September 2022 – Beavers
I was on a road trip earlier this summer when I caught the tailend of an interview on the Larry Meiller Show about beavers. Meiller's guest, Bob Boucher, was making a case for beavers as environmental and ecological engineers who could help solve the flooding issues Milwaukee faces on an increasingly frequent basis. Boucher, who considers himself a "Beaver Believer," explained that beavers are a "keystone species." This means their presence on the land impacts the surrounding habitat and increases ...Continue Reading
August 2022 – Black Bears
Somehow the topic of bears came up in our house the other day. My daughter said offhandedly "I didn't know there were bears in Wisconsin." I guess it's not surprising given that she's lived her whole life in Madison where bear sightings are quite rare, but I was somewhat shocked that she didn't realize the American black bear is a native Wisconsin species. The environmental educator in me couldn't help but chime in: black bears are in fact listed by ...Continue Reading
July 2022 – Moths of Wisconsin
The most extraordinary caterpillar marched its way across my back patio the other day. With spiky hair all around, a bright red head, and four white globules on its back, it caught everyone’s attention as it traversed the blue seat cushion. I pulled up the Seek app on my phone to capture its image and found it was a White-marked tussock moth, which metamorphoses into a fully un-extraordinary adult with drab gray and brown coloration. An amazing transformation indeed. The ...Continue Reading
June 2022 – Climate Education
I recently came across an interesting research article that influenced my thinking on climate change education and the impact we, as educators, may - or may not - be having on people’s understanding of climate change risk. The article was published in 2012 by a collective of researchers from Yale, Ohio State, Temple University, George Washington University, and a nonprofit research consortium in Eugene, Oregon. The team asserts that a commonly held notion about climate education is fundamentally flawed. The ...Continue Reading
May 2022 – Climate Anxiety
Have you ever - like me - stood bewildered in the grocery aisle, trying to make a selection that keeps in mind both the family budget and the environment? When I was in graduate school, the professor for my "Climate Change and Human & Planetary Health" class asked students to track the carbon footprint of our meals for a day. As a born-and-raised Wisconsinite, it was near heartbreaking to learn that cheese has an extremely high carbon footprint (e.g. producing ...Continue Reading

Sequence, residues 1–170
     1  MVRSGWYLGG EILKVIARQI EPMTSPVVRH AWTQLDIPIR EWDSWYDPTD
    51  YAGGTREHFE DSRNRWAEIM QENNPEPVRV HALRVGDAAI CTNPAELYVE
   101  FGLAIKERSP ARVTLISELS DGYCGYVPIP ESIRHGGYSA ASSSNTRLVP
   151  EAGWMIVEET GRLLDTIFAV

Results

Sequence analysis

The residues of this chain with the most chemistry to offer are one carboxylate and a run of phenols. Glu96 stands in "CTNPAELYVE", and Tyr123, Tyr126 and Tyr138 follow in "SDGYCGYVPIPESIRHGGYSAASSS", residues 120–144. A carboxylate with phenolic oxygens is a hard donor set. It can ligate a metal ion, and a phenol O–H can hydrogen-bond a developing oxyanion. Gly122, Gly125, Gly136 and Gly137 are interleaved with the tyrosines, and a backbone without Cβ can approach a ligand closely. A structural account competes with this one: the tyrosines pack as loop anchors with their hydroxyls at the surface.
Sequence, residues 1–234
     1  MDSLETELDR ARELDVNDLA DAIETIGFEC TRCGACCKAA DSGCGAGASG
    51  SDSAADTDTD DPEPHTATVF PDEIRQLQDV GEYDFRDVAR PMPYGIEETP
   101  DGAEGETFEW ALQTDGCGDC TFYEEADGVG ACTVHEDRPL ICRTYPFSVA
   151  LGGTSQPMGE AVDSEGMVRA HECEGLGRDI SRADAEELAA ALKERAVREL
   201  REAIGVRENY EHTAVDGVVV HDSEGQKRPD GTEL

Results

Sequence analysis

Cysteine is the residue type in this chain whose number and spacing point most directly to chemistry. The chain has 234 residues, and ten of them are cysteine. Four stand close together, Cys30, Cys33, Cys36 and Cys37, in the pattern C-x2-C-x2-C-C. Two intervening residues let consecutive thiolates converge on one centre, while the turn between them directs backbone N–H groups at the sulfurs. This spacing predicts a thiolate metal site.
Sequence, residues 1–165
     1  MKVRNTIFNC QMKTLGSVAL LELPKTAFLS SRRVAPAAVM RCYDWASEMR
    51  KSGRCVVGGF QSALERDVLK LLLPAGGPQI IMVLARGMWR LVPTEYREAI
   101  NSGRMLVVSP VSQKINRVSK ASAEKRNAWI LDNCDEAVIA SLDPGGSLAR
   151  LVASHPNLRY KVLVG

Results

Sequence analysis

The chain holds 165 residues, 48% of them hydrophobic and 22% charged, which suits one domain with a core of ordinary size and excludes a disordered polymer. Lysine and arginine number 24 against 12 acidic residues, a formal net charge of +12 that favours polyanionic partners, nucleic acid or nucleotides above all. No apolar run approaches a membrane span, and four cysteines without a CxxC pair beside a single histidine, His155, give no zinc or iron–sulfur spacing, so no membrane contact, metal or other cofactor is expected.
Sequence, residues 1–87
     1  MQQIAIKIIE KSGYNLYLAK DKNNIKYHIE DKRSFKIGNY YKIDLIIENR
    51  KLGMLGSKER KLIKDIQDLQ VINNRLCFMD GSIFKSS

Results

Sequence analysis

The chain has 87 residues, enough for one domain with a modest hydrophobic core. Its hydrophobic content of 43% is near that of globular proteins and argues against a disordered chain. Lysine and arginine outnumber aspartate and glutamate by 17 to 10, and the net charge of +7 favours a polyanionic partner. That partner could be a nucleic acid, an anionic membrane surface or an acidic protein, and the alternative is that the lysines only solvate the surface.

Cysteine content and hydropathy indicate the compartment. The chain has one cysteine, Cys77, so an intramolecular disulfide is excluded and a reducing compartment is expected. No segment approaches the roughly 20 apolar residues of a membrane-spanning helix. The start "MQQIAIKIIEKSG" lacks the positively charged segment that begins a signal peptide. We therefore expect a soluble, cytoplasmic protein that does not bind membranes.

March 2022 – Wolf Conflicts
Just a few weeks ago (February, 2022), a US District court re-listed the gray wolf as a federally endangered species. This pertains to wolves in the lower 48 states, except the northern Rocky Mountain region. I don’t know about your newsfeed, but this transpired with seemingly far less fanfare than the October 2020 announcement that the US Fish & Wildlife would remove the wolf from the Federal Endangered Species list. Particularly since this latter event triggered the opening of a wolf ...Continue Reading
February 2022 – Environmental Justice
Let’s talk about environmental justice - particularly in light of climate change. I first learned of the concept of environmental justice when I was an undergrad in the 1990s at the UW Nelson Institute. At that point, environmental injustices were related primarily to the unequal distribution of pollution, toxic waste, and pesticides. The discussion focused on how people of particular races, classes, and geographic locations - whether by design or lack of design - are more profoundly impacted by the ...Continue Reading
January 2022 – Ice Fishing
On a fairly regular basis, I drive toward downtown Madison along the shores of Lake Monona on John Nolen Drive. On early winter days, my kids and I place odds on when we’ll first see ice shanties pop up on Monona Bay. It seems like a mere skim of ice over the bay sparks fisher-men and -women into action with their augers and tip-ups and quiet patience. Long a tradition in Wisconsin - including several millennia prior to the arrival ...Continue Reading
December 2021 – Evergreens
While the bleak winterscape pales in comparison to the colors other seasons offer, it’s a perfect time to gain a new appreciation for trees that do provide a visual break from white and grey. Though the words “conifer” and “evergreen” are often used interchangeably, not all evergreens are conifers, and not all conifers are evergreen. “Evergreen” is a non-scientific term used to describe plants that maintain their leaves or needles throughout the seasons, whereas “conifers'' are cone-bearing trees or shrubs. ...Continue Reading
November 2021 – Forest Bathing
I had previously heard of “forest bathing” or shinrin-yoku, the Japanese term for taking in the atmosphere of the forest. I first learned of this unique practice when I was contemplating and building a case for the idea that a connection to nature is more than just “tree-hugging,” it’s beneficial to childrens’ health and well-being. But I had never officially - intentionally - partaken in forest bathing. It was amid a casual conversation. A friend who was over for dinner ...Continue Reading